An Unexpected Lesson in Follow-Up

An Unexpected Lesson in Follow-Up

By  |  December 22, 2015  |  Follow-Up  |  No Comments

An Unexpected Lesson in Follow-Up

In most places the government regulates power company operations. What that means is that you don’t have a choice who you buy electricity from, you have to buy it from the company that has facilities in your area. They are referred to as “regulated monopolies”.

This means that no matter how upset you get with the power company, you have to either buy electricity from them or not have any…  Let’s face it, there are usually only two instances where you even think about the power company, when you get your bill each month and when the lights go out. Neither one is what you would call a positive experience.

In 2003 our there was one such company whose customer satisfaction scores were not horrible but they certainly were not great. Then disaster when they got slammed with two of the worst hurricane seasons on record. They had back-to-back-to-back hurricanes that left the majority of their customers with out power for weeks.

Then, because they had exhausted their $1 Billion Dollar Storm Re-Building fund (power companies can’t get insurance on their power lines) they had to go to their customers and tell them that we would have to charge them 10-15% more each month to replenish the fund.

To add insult to injury, the cost of fuel went through the roof during this same time frame and they had to increase their bills another 30% within a few short months.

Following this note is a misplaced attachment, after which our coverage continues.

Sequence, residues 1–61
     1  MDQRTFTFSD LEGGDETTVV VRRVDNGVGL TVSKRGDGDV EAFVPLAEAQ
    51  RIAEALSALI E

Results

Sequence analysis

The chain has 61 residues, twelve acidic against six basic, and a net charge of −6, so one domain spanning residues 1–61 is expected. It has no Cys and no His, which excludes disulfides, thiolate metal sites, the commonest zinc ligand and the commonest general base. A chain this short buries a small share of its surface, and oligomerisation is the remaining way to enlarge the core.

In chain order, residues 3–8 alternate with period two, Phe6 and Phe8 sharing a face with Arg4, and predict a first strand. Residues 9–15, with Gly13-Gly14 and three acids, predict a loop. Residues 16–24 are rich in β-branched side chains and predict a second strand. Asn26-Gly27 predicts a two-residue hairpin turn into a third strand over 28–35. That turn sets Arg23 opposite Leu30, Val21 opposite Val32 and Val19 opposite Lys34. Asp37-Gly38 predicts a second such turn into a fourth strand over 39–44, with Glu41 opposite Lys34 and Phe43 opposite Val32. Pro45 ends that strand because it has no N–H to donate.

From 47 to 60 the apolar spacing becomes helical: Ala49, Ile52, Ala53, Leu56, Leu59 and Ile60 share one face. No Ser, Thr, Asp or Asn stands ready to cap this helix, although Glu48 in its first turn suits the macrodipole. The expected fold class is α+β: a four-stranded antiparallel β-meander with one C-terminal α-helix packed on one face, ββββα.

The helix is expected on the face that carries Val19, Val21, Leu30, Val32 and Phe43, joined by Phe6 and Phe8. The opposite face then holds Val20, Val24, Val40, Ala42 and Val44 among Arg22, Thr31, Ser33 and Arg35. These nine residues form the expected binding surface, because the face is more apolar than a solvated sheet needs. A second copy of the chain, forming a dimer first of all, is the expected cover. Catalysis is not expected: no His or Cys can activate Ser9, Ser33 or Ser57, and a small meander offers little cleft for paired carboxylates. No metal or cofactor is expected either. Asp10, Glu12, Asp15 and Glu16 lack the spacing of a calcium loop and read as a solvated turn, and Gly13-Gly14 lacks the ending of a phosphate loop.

Needless to say they had to deliver bad news to these customers over and over again during an 18-month stretch from August of 2004 to February of 2006. They were dreading the day that the customer satisfaction ratings would come out for the company.

 

When they received their customer satisfaction scores they were blown away, the scores had improved to an all time high!

It turns out that because they were communicating so regularly with their customers, that even though they were calling/emailing/faxing to give their customers bad news, the customer’s perception of the quality of service actually went up!

As a result they developed a 12-point communication plan so that now they are touching base with each major account at least once a month. In the next year they actually won an award for being best in class for customer satisfaction.  So much for “no news is good news”!

What does this have to do with your company? Everything!

If customers who don’t have a choice who they buy a service from get a sense of high customer support from increased communications… How much more impactful do think it can be for your business! From my experiences it is substantial!

Just imagine how happy your customers will be when they receive a message from you that you are having a sale, offering a new service, a VIP program, prize give-a-ways, or just sharing a helpful tip on how to get more value out of your product of service. If it works for a big old stogy power company it will work for you!

widgetpic

Dr. Marjukka Miinala, DBA

www.drmiinalamarketing.com

contact@drmiinalamarketing.com

About the Author: Marjukka Miinala

Dr. Marjukka Miinala, DBA is the owner and founder of Dr. Miinala Marketing. The agency provides online marketing support to local businesses.

Leave a Reply

SUBSCRIBE

Don't miss anything I post!

Thank you for subscribing.

Something went wrong.

Instagram

FIND US ON FACEBOOK